Rotarians get on the scale at the first weigh-in of the Lose to Win Challenge last Thursday at The Moorings. (Photo: CLAIRE SHEFCHIK)

One by one, members of the Rotary Club of Tortola hopped on the bathroom scale set up in the middle of The Moorings and looked down nervously.

“I drank as much water as I could,” one participant laughed. “I hope it says 250.”

Normally, the last thing most people want to see on the scale is a big number. But since this was the first official weigh-in of Lose to Win Challenge, a Rotary Club of Tortola initiative in which participants raise money from sponsors for every pound they lose, it helped to be hefty.

Now in its 14th year, Lose to Win was the brainchild of Rotary Past President Elton Georges, the territory’s former deputy governor, who died earlier this year.

“He realised the prevalence of diabetes in the BVI and the need for healthy living,” said Merrick Watson, director of membership and a Lose to Win committee member.

Traditionally, each member of the club would propose to lose a specific amount of weight, seeking sponsors pound for pound, with Rotary matching all contributions to benefit the Diabetes Association. Those who don’t mean their goal pay a fine.

“Whether or not someone loses weight, although that’s what we want them to do, they’ll still be able to make a monetary contribution,” Mr. Watson said.

Another weigh-in will take place today, with the final one set for Dec. 20.

He added that the programme is especially vital in the VI, which has one of the highest rates of diabetes in the region. According to the International Diabetes Federation, the prevalence of the disease in the VI is at 14 percent, compared to an overall regional percentage of nine.

“It’s a very small country, so any elevation in the rates of diabetes will show up in the statistics,” Mr. Watson said. “[Still], it’s very alarming. Health and wellness is a major focus of Rotary International and something we want to use the podium to reach out and address.”

Community outreach

As waistlines contract, the challenge itself will expand, since Rotary is making a concerted effort this year to reach out to the community.

“This year the decision was made to go back to the roots; to go back to where PP Elton started,” Mr. Watson said.

This year, 11 entities, including law firms and trust companies, are participating.

“We didn’t want it to be just a Rotary thing,” he explained. “We wanted to make it a BVI thing; it affects everybody.”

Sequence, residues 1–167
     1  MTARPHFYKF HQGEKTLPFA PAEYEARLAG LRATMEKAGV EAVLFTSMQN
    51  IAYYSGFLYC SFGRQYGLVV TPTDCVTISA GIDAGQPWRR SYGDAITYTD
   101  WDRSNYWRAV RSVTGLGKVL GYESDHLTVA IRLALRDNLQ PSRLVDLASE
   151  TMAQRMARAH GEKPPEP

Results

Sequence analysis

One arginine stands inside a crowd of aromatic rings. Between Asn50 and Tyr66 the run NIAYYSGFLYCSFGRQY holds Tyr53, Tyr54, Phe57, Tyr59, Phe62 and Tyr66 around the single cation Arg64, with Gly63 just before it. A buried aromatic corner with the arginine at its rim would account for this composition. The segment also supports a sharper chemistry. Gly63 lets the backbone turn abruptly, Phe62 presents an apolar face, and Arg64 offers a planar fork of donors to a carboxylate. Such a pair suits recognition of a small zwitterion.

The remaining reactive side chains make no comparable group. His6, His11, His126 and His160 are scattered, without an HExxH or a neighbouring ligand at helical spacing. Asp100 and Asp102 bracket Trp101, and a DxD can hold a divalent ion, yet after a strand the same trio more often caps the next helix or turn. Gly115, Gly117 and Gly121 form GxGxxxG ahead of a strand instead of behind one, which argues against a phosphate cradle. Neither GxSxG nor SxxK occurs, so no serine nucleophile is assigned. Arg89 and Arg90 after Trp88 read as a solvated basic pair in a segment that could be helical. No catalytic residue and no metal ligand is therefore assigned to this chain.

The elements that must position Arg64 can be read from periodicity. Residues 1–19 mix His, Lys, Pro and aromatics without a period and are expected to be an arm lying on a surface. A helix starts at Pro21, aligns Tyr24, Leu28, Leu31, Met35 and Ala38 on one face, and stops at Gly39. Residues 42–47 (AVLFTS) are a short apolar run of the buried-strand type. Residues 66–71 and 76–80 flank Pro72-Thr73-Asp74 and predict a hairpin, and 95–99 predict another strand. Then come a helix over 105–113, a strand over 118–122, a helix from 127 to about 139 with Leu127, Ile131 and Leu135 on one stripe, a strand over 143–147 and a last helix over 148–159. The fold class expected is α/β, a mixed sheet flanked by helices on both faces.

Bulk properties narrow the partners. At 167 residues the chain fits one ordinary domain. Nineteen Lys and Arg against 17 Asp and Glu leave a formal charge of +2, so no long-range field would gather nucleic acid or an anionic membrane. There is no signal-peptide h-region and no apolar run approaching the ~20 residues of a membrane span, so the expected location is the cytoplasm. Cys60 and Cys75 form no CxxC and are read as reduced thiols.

According to Rotary 7020 District Governor-elect Delma Maduro, the club is encouraging human resources managers to sign up employees in groups in hopes they can provide moral support for each other’s weight-loss efforts.

“The idea is that this will lead to an overall better lifestyle … so we can be happier and healthier,” she said.

Mr. Watson pointed out that the programme’s legacy is already evident around the territory, including in the growth of the Saturday Morning Walkers, another passion project of Mr. Georges.

Thanks in part to Lose to Win, the group’s ranks have expanded, with participants choosing to incorporate walking into their lifestyles. Additionally, Mr. Watson said, the programme has prompted some members to continue to set ambitious goals for themselves.

“Last year our secretary, Bernadette [Brathwaite], led the charge, losing 30 pounds last year from this programme and kept off the bulk of it for a very long time,” he said.

plans to expand

Ms. Maduro has even bigger plans for the challenge. As district governor-elect for the 10 countries making up Rotary District 7020, she hopes that the VI will serve as an example for others looking to implement a management programme for a disease that is still prevalent throughout the Caribbean.

Mr. Watson added that he believes Mr. Georges would have been pleased to see the programme continue to expand, though he likely would have shunned the limelight, choosing to pass the baton to younger Rotarians.

“We thought that this year having lost him from both the Rotary family and the BVI family, that we needed to do something to commemorate his memory,” he said. “He was a very gentle, brilliant man with a very pronounced presence, and I absolutely miss him.”